21,000 Prussian field troops remained at large west of the Oder as November began under the command of Gebhard Blücher. French advances prevented his corps from crossing the Oder, or moving toward Stettin to seek waterborne transport to East Prussia. Bernadotte began a relentless pursuit of Blücher, with the two forces engaging in several holding actions, and was later joined by Murat and Soult in “The Pursuit of the Three Marshals.” Blücher then moved west to cross into neutral Denmark but the Danes placed their army on the border with the intent of attacking any force that tried to cross it. The Prussians then violated the neutrality of the Hanseatic City of Lübeck and fortified it with the intent of joining forces with an allied Swedish contingent there on its way home, and commandeering ships in the hopes of reaching a safe harbor. However, Blücher and Winning’s corps was surrounded and destroyed in what became the Battle of Lübeck on 6 and 7 November after Bernadotte’s I Corps, still smarting from the Emperor’s censure, stormed the fortified city gates, poured into the streets and squares breaking hasty attempts at resistance and captured Blücher’s command post (and his Chief of Staff Gerhard von Scharnhorst) as Soult’s troops blocked all escape routes. The Prussians lost 3000 killed and wounded. On the morning of 7 November, with all hope of escape extinguished, Blücher surrendered personally to Bernadotte and went into captivity with 9,000 other Prussian prisoners of war. The Siege of Magdeburg ended on 11 November with Ney’s capture of the fortress. Isolated Prussian resistance remained, but Napoleon’s primary foe was now Russia, and the Battle of Eylau and the Battle of Friedland awaited.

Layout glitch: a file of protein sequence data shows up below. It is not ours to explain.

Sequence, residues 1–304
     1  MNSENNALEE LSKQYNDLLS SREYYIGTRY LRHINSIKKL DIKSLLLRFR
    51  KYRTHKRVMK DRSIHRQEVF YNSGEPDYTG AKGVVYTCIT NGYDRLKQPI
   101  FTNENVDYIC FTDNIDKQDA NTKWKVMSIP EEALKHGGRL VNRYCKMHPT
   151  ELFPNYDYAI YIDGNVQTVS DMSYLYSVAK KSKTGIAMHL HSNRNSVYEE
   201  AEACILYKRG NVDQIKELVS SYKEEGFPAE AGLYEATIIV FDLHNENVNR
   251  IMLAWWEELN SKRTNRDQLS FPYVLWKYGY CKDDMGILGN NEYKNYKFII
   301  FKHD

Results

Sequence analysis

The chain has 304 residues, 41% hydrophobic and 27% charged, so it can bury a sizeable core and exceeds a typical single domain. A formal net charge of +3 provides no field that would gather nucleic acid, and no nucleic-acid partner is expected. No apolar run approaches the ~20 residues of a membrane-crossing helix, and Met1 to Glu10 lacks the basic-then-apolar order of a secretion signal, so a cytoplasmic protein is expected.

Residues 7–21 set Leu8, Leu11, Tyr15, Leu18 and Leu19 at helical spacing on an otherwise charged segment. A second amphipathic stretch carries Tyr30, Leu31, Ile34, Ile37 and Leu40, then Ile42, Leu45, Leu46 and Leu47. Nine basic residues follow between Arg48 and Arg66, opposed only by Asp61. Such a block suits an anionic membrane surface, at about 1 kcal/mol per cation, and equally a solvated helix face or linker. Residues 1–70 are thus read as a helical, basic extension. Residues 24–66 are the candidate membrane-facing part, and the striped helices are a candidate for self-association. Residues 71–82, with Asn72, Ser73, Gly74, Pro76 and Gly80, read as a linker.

References [ edit | edit source ]

Chandler was used almost exclusively for the French order of battle. Smith was used for the Prussian order of battle, except that Chandler's artillery compositions are given. Smith's Prussian strengths are used, which are lower than Chandler's.

    Jena 1806: Napoleon Destroys Prussia. Westport, Conn.: Praeger Publishers, 2005. ISBN 0-275-98612-8 . Napoleon's Conquest of Prussia 1806. London: Lionel Leventhal Ltd., 1993 (1907). ISBN 1-85367-145-2
  • (French) Pigeard, Alain. Dictionnaire des batailles de Napoléon. Tallandier, Bibliothèque Napoleonienne, 2004. ISBN 1-85367-145-2 . The Napoleonic Wars Data Book. London: Greenhill Books, 1998. ISBN 1-85367-276-9